DELTA: A great reason to get vaccinated | OP-ED
It is an established fact that in recent weeks, COVID-19 vaccination levels are increasing in virtually every state in the country, whether red or blue.
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Even among communities of color, especially our Latino and African-American communities, the vaccination gap appears to be narrowing in recent weeks, as the most recent vaccination rates show a faster rate of growth than the proportion of both communities in the general population.
At the time of writing, more than 193 million U.S. residents have received at least one dose of the three licensed COVID-19 vaccines and more than 165 million fully vaccinated, meeting and slightly exceeding the presidential goal of vaccinating 70% of the population ages 12 years and older with at least one dose, albeit with a one-month delay.
The vaccination curve is like a mountain: in January we could see the slopes of the mountain on the left gradually rising to a peak that reached a reported 3.3 million vaccinations on April 13, then steadily declining to an average of 699,000 doses per day by the end of July.
But in recent weeks, what seemed like an inevitable decline began first to stabilize and gradually climb as the Delta variant began to ravage the unvaccinated, doubling the number of daily cases and overwhelming hospitals and intensive care units in many states across the country.
The data are clear: unvaccinated people are 25 times more likely to be hospitalized due to COVID, eight times more likely to develop symptoms if infected and three times more likely to become infected in the first place.
Regardless of whether messages to reduce the hesitancy of many communities to vaccinate have been persuasive, the verifiable reality of widespread infection in many communities has apparently become one of the most compelling arguments for many reluctant people to finally make the decision to get vaccinated.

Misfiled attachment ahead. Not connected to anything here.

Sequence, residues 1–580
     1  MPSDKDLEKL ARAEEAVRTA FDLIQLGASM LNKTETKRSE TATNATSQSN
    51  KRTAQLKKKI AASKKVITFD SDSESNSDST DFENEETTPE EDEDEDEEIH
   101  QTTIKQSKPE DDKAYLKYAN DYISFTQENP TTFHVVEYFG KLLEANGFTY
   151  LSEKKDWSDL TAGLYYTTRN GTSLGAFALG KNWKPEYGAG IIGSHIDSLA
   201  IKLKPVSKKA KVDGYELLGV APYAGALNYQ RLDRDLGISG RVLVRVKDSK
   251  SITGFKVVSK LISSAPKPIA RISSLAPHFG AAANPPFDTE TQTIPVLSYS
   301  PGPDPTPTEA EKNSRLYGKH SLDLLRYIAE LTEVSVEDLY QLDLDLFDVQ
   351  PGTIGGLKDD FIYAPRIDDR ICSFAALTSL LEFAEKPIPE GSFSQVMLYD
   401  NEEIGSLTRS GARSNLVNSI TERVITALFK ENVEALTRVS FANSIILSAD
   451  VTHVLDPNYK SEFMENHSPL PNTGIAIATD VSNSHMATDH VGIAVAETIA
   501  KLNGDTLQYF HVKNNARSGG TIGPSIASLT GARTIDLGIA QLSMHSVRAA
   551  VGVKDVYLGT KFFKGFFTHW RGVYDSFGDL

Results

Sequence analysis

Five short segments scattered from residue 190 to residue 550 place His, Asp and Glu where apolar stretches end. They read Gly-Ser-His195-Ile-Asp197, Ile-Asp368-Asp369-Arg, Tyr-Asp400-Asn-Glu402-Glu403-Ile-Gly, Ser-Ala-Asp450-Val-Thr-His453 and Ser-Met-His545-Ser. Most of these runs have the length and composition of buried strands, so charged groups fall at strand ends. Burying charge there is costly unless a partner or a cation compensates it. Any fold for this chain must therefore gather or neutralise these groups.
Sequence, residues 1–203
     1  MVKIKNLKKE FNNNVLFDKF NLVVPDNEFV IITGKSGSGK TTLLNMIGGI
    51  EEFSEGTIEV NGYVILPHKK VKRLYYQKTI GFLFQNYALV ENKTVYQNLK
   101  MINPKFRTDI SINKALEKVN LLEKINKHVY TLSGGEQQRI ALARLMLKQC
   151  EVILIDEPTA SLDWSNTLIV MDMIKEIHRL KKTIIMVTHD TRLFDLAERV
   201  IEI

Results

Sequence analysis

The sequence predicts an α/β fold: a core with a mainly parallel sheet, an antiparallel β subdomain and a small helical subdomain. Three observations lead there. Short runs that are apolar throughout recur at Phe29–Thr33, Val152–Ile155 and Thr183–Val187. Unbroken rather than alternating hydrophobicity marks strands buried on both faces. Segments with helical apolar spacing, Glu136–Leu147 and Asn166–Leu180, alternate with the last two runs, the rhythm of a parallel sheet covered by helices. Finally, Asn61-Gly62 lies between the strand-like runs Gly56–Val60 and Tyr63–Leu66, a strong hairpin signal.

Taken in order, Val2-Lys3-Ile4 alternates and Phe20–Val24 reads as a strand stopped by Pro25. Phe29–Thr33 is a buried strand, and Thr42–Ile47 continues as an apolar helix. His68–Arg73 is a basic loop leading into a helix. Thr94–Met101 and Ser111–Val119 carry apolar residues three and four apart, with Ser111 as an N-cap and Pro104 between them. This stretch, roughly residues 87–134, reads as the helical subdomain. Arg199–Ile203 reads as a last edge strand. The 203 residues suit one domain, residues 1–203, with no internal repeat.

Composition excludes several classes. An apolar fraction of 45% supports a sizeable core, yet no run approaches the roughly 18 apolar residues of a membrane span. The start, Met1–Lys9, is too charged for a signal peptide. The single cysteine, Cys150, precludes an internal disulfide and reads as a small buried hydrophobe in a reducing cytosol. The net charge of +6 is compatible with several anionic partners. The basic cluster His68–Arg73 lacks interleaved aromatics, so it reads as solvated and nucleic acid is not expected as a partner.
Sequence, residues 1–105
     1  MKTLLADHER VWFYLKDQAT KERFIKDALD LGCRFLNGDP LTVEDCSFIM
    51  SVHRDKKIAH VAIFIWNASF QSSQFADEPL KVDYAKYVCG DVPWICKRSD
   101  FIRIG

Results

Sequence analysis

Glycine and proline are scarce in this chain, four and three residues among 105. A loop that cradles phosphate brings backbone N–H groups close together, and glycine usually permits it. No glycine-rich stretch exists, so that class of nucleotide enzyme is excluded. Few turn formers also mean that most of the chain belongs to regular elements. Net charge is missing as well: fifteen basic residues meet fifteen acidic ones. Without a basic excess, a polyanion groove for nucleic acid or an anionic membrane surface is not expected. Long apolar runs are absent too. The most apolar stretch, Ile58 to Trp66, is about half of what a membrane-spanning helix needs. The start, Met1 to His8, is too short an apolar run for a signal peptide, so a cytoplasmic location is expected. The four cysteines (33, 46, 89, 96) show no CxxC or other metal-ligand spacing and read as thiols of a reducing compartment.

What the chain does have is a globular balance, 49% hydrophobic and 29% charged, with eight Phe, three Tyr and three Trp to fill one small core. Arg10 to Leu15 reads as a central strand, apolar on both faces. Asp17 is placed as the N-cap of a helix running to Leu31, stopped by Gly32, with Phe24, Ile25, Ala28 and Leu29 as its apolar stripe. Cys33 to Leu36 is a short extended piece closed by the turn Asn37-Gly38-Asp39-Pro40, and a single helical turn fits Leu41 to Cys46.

But in the case of our Latino community, it would be a mistake to think that the proportion of people who are unvaccinated is only the undecided. There is clear evidence that a percentage of our community continues to suffer from problems of access (from transport or internet access), from distrust of public or private health systems, all of which is compounded by a continuous bombardment of misinformation on social media.
If the Delta variant has led to the spike in vaccination rates, a similar public-private effort is now needed to bring vaccines directly to communities with serious barriers to access or distrust. To farm fields, to construction sites and to the most remote rural communities. Failure to do so would be a missed opportunity that can have a high human cost.
If you are interested in finding out more information about the Delta variant and how to help your family get vaccinated against COVID-19, participate and ask questions at the "En Confianza" chat on Tuesday, Aug. 17 at 7 p.m. Eastern/4 p.m. Pacific on La Red Hispana on Facebook Live, as part of the U.S. Department of Health and Human Services' "Juntos Sí Podemos" initiative, which seeks to encourage COVID-19 vaccination in Latino communities.
For more information on COVID-19 vaccines, visit vacunas.gov or call 1-800-232-0233.